Photo courtesy of Tania Rego. Retrieved from: http://agenciabrasil.ebc.com.br/sites/_agenciabrasil/files/gallery_assist/25/gallery_assist726601/ABr260713TRABr.jpg
Your Life Is Not About You
I love the end of the school year. The youthful exuberance and hope that permeates these days marked by graduation celebrations and the promise of new beginnings bring joy to the heart, and inspiration too, to live life with the same zeal that we see in those graduates who are looking forward to new beginnings. Enthusiasm for life is contagious. Yet, often within just a few years the hopeful expectations that surround graduation are tempered by disappointments or a felt lack of fulfillment. Worldly endeavors, in and of themselves, do not satisfy in any lasting way. Even after an accomplishment, we can be left wondering if there is not something more to our lives.
The famous American preacher archbishop Fulton J. Sheen wrote, “Joy never comes to those who seek it. In the self-forgetting hour when we are touched by another’s need and sacrifice for it, we suddenly find our soul aflame with glorious joy.” I believe that Archbishop Sheen was correct, and with these words he offers good counsel not only to graduates, but also to all of us. If we set out looking for joy, even with hopefulness and enthusiasm, we will not find it, because joy is not something we can simply grasp for ourselves. Rather, it is a by-product of living lives of sacrificial love. As our Lord said, “Whoever seeks to gain his life will lose it, but whoever loses his life will save it” (Luke 17:33).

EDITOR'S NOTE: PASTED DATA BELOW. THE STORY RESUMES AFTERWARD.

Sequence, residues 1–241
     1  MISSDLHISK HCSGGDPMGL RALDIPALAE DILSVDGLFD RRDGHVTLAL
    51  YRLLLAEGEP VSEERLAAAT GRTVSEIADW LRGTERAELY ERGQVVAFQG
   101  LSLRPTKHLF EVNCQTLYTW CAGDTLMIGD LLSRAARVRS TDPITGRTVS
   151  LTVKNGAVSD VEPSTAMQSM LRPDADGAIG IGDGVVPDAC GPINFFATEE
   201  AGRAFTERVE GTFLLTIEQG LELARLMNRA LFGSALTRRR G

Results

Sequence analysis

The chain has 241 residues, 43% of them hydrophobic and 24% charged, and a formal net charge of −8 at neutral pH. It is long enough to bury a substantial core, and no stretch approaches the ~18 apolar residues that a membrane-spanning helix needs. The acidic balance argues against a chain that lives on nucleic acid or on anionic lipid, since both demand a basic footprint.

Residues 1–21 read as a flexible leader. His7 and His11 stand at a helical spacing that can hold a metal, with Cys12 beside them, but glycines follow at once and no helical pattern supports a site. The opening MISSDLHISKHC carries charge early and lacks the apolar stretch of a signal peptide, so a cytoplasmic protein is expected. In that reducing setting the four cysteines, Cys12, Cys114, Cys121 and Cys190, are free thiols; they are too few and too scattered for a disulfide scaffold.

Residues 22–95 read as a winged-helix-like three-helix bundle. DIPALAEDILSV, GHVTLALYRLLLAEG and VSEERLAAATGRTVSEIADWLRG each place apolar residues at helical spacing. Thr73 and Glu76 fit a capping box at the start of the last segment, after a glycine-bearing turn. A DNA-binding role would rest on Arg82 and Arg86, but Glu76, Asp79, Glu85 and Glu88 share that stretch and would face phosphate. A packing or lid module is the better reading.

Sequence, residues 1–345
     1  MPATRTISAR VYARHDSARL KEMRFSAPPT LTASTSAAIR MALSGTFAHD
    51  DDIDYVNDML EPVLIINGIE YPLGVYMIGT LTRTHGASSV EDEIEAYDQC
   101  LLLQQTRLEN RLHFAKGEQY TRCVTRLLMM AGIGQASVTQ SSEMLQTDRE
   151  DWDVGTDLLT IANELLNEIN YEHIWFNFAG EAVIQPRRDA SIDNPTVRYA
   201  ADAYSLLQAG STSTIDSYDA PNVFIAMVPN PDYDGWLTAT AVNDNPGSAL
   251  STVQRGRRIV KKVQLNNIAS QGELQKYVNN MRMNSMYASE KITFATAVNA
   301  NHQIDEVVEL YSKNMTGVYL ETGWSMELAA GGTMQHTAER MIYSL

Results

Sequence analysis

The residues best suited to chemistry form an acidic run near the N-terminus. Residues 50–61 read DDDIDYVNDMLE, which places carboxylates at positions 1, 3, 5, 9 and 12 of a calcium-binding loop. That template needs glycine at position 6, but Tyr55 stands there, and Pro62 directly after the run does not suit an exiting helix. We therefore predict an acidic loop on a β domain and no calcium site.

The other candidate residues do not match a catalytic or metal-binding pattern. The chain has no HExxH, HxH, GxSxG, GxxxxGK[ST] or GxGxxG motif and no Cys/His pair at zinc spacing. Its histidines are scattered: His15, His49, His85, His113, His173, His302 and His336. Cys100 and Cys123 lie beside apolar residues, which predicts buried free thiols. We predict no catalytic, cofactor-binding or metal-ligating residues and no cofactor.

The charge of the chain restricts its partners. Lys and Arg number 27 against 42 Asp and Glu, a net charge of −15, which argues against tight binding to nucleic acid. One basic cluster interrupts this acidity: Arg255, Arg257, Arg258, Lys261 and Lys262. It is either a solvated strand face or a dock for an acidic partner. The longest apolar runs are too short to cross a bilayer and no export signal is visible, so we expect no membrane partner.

Several years ago I was blessed to spend some weeks with the Missionaries of Charity Sisters, colloquially called the MCs, in Ethiopia. I had never before spent any time in a country listed among the least developed. I went without any real expectations, and came back a deeply moved and changed man. What was so powerful to me was the witness of the sisters as they lovingly and selflessly served the abandoned, poor, hungry, destitute and dying of Addis Abbaba or Jima.
These beautiful women clothed themselves from head to toe in the simple and iconic white and blue Sari habit worn by Mother Teresa. They had left careers as doctors, nurses, teachers, or bankers. They were intelligent and capable. They freely embraced lives of poverty, chastity, and obedience. The sisters rose daily before sunrise to pray, and finished every evening invoking God’s mercy upon those who would die that night. Their lives were directly contrary to everything that American pop culture taught me makes for happiness. They had no wealth, sex, fine clothes, or luxury. They subjected their personal freedom to God and their superior. And yet, their lives were radiantly joyful. Full of zest for life and hopefulness, these sisters were living proof that Archbishop Sheen and our Lord are right. Our lives aren’t really about us; only if we lose them will we find the joy of saving them.